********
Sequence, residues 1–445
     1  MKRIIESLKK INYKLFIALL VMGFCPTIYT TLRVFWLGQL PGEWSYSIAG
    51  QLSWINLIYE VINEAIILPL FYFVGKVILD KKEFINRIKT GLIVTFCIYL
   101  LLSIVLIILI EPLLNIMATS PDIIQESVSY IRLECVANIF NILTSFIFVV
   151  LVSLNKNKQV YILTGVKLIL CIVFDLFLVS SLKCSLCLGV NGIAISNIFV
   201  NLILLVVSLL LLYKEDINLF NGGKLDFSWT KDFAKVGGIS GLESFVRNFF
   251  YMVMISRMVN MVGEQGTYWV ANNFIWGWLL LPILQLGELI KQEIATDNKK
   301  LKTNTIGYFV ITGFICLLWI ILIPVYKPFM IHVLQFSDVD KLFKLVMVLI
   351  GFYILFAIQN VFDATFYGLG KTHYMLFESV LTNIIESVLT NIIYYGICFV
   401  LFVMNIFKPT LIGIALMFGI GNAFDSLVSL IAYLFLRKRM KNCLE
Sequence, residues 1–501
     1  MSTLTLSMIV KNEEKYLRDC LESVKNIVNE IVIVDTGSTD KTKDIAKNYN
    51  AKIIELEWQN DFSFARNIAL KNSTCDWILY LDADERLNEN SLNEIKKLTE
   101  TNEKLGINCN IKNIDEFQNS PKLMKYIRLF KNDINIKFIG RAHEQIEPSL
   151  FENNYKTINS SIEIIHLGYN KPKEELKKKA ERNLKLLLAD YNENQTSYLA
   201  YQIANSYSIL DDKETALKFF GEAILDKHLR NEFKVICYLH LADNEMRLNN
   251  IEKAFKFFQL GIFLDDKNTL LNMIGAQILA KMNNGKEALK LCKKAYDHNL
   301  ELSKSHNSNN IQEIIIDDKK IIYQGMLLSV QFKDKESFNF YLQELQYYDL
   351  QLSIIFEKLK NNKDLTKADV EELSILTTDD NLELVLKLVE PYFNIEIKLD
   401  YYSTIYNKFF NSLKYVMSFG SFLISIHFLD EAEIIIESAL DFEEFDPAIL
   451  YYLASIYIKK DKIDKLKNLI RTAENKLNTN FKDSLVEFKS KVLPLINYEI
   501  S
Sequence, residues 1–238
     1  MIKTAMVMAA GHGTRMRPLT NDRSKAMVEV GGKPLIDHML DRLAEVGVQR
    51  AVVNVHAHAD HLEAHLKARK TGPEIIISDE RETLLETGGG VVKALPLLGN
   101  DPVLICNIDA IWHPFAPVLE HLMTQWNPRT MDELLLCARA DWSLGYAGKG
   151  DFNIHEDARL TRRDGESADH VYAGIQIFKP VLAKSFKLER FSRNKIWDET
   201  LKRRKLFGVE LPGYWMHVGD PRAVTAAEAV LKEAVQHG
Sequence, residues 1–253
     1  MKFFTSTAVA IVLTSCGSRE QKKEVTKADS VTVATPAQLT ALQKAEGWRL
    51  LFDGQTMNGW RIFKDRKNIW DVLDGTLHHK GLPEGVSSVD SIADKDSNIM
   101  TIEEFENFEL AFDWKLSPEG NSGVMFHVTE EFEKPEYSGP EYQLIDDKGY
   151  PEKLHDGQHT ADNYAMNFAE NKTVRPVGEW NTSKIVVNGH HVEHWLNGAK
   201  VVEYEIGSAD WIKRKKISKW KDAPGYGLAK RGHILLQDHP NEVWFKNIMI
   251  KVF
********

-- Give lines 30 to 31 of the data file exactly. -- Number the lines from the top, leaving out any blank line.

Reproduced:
     1  MKFFTSTAVA IVLTSCGSRE QKKEVTKADS VTVATPAQLT ALQKAEGWRL
    51  LFDGQTMNGW RIFKDRKNIW DVLDGTLHHK GLPEGVSSVD SIADKDSNIM